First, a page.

When you assign CL-Communication with a translation, you basically enter a partnership with our translation service. We understand the translation process as a collaboration between you and us. In order to achieve the best possible outcome, you should also try to get involved in the translation process. Because, only if you inform your translator or translation service properly, can you expect a flawless final product. A fleeting instruction like "please have that translated" can provide you and us with a lot of trouble in specific circumstances. Therefore please take a few minutes of your time to discuss the project with us in detail.
But before you place a translation order, you should consider the following: Is a translation necessary at all? Can the text be shortened? Can specific parts of the text possibly be replaced by images, symbols or diagrams?
Prepare the text for translation
You should generally deal more critically with the text you want to have translated. Often it makes sense to remove certain parts of a text. Experience has shown that certain sections of a text may well be unnecessary. These include, for example, elaborations, lists of names or products, phrases limited to a specific culture, or other divagations. It can often be a good idea to translate only the relevant sections of your text. Perhaps it would make sense to write a summary of the text in your language and then actually only have that translated.
The old saying goes: "a picture is worth a thousand words", and according to that motto, you should try to use text only if the same statement cannot be communicated better with other means. In an international context, carefully thought through graphical means (e.g. symbols and diagrams) are often much more effective than complex or wordy descriptions. Internationally recognizable icons, such as those used in many international airports or in the assembly instructions for furniture from international manufacturers, are a good example.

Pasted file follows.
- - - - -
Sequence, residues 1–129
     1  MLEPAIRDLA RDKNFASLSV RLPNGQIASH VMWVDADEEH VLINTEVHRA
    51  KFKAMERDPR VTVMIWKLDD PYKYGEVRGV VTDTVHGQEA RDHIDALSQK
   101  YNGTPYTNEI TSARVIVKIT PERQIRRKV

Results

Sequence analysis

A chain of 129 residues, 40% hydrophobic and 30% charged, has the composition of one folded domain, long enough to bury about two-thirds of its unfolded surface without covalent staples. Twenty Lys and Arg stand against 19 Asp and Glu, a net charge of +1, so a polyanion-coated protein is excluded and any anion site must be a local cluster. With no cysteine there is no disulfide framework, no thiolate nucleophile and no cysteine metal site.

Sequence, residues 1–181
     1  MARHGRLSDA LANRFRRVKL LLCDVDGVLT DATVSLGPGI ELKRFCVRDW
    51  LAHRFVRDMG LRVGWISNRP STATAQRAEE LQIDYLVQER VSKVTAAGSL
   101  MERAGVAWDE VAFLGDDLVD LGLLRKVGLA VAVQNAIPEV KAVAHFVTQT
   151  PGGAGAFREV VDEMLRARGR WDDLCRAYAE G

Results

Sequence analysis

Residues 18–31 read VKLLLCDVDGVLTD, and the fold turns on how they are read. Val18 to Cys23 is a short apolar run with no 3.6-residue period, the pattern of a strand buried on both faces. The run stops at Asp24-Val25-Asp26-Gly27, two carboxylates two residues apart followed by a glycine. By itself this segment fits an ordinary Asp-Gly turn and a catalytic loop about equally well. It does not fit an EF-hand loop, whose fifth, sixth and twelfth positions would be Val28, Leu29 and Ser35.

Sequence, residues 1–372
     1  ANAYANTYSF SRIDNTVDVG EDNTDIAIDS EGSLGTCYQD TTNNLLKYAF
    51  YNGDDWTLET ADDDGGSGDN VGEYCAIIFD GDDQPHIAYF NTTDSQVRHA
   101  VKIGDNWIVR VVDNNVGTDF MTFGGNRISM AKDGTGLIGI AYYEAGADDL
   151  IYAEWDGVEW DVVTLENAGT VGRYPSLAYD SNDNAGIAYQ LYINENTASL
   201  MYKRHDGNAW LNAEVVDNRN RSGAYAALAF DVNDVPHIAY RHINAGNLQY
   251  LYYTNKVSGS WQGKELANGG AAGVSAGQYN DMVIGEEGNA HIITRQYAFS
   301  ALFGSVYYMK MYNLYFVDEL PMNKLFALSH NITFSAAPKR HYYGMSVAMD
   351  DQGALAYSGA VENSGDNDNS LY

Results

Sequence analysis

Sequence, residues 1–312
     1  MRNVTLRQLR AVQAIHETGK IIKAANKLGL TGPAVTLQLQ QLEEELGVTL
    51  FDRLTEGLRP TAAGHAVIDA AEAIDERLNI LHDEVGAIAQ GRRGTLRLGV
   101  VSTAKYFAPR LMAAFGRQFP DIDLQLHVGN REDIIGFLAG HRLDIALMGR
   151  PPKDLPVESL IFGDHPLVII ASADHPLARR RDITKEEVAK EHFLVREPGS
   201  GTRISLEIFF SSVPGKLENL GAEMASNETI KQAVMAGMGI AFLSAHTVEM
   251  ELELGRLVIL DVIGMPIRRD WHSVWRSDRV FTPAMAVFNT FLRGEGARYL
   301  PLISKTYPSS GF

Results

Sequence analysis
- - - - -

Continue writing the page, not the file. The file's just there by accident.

Write new texts "internationally"
Especially when writing new marketing texts or other creative texts, you should avoid using idioms and metaphors that may only be of meaning in your own culture. In that way you cannot only avoid our translators having to come up with far-fetched plays on words, puns and other stylistic contortions, but can also ensure that the text is understood better in an international environment. What often applies in such cases is the KISS motto: "Keep It Short and Simple".
Of course, nothing can be said against a little bit of local "seasoning", but before you do so, you should ideally seek the advice of a native speaker to ensure that a transfer into the other language is actually possible without too many problems. Of course you can gladly call on the services of CL-Communication’s native speakers at this stage. We would be more than happy to assist you. It goes without saying that we can adapt the translated texts to fulfil specific local needs (including local metaphors or puns if necessary), but you must be aware that your communication will be more successful in an international environment if you try to adhere to the KISS motto.
Important information for your translation
When placing a translation order at CL-Communication not only the specialist field and language combination are of relevance, but also the following information:
- intended use- target group
- tonality / type of address
- comparative texts
- vocabulary lists
We therefore ask you to give us as much information about the text as possible. In that way you can rest assured that you will receive a translation that will have the maximum impact on the intended target group. When translating a text, the tonality, type of address, choice of words and sentence structure strongly depend on the actual purpose of the text and the intended target group. After all, a speech is no website, a product brochure is no safety data sheet, and a press release is no sales proposal.
Finally, we would kindly ask you to provide any comparative texts (similar texts/translations) or vocabulary lists that you may have. These will help us to find the right tonality, and to use company-specific words and phrases. For example, let’s take the head of a company, who in English can be called anything from "Managing Director" and "CEO" to "COO", "President" or "Director", depending on the company and the location of the company.